Confessions of a “Reg Geek”
Radar, in its regular feature, takes time out with the compliance professional, Sophie Boyle, who is always on the front and second line at an established alternative asset manager in London.
How long have you been working in a regulatory role now?
Almost ten years – I started the month Lehman Brothers crashed. First as an asset management regulatory consultant at Deloitte in Luxembourg and I then moved to London to PwC where I was seconded to the FCA for six months and for the last two and a half years in the London compliance team at CQS.
When you started out, did you ever imagine you end up working in compliance?
No. I wanted to gain some professional experience for a year or two before going to work at the World Trade Organisation in Geneva, but then the crisis happened and I was enjoying what I was doing!
What might a typical day look like?
I start the day by checking regulatory news sources and email updates and throughout the day I keep an eye on Financial Conduct Authority (FCA) and European Securities and Markets Authority (ESMA) news pages. In the mornings we liaise with our Hong Kong colleagues and in the afternoon with our New York colleagues. I always have a piece of regulation to review or a policy or presentation to work on. In between, queries may come up from the portfolio managers or sales and client services and I also do some monitoring around communications and MiFID II research. At lunchtime I try to go outside, either for a run or a walk, and on Wednesdays we have yoga in the office.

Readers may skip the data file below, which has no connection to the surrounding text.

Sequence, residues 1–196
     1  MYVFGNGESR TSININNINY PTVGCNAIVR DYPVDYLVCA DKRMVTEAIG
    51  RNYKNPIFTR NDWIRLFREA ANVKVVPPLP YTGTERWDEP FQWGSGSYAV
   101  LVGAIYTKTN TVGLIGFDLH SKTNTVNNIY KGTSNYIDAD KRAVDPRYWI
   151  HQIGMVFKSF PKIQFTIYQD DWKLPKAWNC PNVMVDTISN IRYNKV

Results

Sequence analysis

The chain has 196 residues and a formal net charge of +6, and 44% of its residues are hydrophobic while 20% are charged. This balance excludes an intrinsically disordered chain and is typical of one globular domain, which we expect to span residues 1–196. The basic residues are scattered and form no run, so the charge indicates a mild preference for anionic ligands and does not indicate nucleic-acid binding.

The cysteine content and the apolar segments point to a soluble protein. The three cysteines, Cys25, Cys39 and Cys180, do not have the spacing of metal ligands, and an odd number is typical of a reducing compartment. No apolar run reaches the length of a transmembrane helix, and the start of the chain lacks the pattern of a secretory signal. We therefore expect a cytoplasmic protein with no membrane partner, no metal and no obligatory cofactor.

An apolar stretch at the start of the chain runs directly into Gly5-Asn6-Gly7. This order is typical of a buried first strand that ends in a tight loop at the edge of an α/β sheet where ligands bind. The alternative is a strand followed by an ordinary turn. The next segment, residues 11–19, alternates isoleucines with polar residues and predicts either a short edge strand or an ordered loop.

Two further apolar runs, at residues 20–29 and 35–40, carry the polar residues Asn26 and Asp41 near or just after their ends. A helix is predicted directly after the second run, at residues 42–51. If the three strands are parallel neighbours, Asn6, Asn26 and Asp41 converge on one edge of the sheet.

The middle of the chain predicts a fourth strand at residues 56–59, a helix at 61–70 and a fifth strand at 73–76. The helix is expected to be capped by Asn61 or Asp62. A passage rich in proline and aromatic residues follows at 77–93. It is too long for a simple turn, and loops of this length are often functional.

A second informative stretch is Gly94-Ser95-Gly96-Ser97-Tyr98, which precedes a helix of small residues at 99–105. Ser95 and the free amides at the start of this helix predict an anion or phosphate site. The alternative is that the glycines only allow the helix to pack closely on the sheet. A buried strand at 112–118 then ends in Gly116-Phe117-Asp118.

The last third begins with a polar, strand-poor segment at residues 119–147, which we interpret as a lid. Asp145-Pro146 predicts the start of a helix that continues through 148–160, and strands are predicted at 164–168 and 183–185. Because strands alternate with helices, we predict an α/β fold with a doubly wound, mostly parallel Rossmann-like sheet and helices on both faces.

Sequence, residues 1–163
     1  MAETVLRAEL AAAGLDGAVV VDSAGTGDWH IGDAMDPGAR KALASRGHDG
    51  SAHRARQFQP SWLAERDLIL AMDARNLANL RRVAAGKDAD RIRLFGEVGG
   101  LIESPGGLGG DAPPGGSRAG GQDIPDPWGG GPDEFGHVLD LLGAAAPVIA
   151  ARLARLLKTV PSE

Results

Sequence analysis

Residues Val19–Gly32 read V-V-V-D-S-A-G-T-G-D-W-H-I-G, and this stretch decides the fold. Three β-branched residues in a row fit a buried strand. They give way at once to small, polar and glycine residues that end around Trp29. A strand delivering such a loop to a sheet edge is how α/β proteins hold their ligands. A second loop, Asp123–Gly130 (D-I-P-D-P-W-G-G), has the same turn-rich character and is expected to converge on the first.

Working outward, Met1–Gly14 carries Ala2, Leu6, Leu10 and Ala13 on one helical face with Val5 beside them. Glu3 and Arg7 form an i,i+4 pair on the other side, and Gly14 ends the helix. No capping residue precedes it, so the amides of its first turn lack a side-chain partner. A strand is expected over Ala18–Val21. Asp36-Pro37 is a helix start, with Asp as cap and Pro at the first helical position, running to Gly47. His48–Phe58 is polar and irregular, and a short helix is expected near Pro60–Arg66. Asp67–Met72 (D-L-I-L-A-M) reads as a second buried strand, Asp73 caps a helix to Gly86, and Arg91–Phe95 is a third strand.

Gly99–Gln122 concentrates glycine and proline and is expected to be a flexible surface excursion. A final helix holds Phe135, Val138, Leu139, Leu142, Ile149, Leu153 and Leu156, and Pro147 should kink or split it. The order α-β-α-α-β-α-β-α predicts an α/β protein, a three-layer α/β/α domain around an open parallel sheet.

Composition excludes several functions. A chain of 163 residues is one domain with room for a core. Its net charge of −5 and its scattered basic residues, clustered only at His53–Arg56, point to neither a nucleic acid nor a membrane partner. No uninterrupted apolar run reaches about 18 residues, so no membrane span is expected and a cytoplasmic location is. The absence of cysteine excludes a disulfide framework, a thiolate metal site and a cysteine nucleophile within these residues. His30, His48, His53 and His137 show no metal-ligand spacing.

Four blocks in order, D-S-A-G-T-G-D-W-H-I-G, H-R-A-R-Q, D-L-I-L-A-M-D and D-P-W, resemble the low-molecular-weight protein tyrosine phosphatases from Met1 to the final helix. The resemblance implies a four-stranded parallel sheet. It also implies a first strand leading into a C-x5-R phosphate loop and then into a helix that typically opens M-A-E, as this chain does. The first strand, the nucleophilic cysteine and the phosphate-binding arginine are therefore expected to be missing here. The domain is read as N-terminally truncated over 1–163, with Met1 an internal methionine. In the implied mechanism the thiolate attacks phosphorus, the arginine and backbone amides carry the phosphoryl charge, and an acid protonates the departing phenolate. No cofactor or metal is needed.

How big is the compliance team at CQS?
The compliance team has grown over the last few years. The team is led by the global head of compliance from London and our global compliance team cover all CQS offices in London, NY, HK, Jersey and Sydney. Therefore, our regulatory work is varied and challenging as we keep up with all the regulations and changes in those jurisdictions. Sophie Boyle Radar / 51
What do you most remember about your time working for the FCA?
There is a strong sense of doing the right thing for investors. I learnt a lot about the way the FCA approaches various issues and carries out firm supervision.
How different is it moving from a consulting role at PwC to an environment when you are working full time in compliance at one firm?
During AIFMD I worked across a number of firms providing input at different stages of their project – I spent a lot of time in tubes travelling across London! Working for one firm is similar to onsite projects however being at one firm enables me to work on a project from beginning to end. I do miss not seeing how other firms are approaching issues however there is a good forum of compliance officers where we share thoughts and issues. It has also enabled me to observe the theory in practice by getting involved in the day to day compliance tasks that I would not get involved in when I was as a consultant.
What characterizes the culture of CQS?
CQS has a friendly down to earth culture where people work hard to achieve CQS’ ambitions for growth. As I saw when I managed the MiFID II project which cut across so many areas within the firm, we worked as a team and tried to carry everyone along on the journey to compliance.